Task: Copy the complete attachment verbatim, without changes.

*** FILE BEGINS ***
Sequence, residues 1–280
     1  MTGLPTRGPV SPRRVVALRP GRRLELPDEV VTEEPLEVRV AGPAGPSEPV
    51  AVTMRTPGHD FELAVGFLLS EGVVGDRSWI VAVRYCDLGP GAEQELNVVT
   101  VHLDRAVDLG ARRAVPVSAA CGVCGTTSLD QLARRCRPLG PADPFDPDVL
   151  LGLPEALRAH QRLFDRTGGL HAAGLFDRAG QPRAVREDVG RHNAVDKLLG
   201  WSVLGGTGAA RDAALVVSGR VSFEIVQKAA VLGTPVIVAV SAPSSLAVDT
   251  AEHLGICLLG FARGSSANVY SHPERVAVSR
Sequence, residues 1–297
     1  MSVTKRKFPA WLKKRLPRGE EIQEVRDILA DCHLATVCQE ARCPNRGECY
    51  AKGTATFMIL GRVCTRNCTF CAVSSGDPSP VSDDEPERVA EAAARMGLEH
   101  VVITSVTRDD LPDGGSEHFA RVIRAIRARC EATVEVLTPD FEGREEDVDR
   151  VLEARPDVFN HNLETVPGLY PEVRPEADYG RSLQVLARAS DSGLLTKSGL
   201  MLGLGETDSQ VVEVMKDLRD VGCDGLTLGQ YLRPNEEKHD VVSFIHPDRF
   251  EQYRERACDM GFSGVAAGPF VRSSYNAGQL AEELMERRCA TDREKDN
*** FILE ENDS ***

Sequence, residues 1–280
     1  MTGLPTRGPV SPRRVVALRP GRRLELPDEV VTEEPLEVRV AGPAGPSEPV
    51  AVTMRTPGHD FELAVGFLLS EGVVGDRSWI VAVRYCDLGP GAEQELNVVT
   101  VHLDRAVDLG ARRAVPVSAA CGVCGTTSLD QLARRCRPLG PADPFDPDVL
   151  LGLPEALRAH QRLFDRTGGL HAAGLFDRAG QPRAVREDVG RHNAVDKLLG
   201  WSVLGGTGAA RDAALVVSGR VSFEIVQKAA VLGTPVIVAV SAPSSLAVDT
   251  AEHLGICLLG FARGSSANVY SHPERVAVSR
Sequence, residues 1–297
     1  MSVTKRKFPA WLKKRLPRGE EIQEVRDILA DCHLATVCQE ARCPNRGECY
    51  AKGTATFMIL GRVCTRNCTF CAVSSGDPSP VSDDEPERVA EAAARMGLEH
   101  VVITSVTRDD LPDGGSEHFA RVIRAIRARC EATVEVLTPD FEGREEDVDR
   151  VLEARPDVFN HNLETVPGLY PEVRPEADYG RSLQVLARAS DSGLLTKSGL
   201  MLGLGETDSQ VVEVMKDLRD VGCDGLTLGQ YLRPNEEKHD VVSFIHPDRF
   251  EQYRERACDM GFSGVAAGPF VRSSYNAGQL AEELMERRCA TDREKDN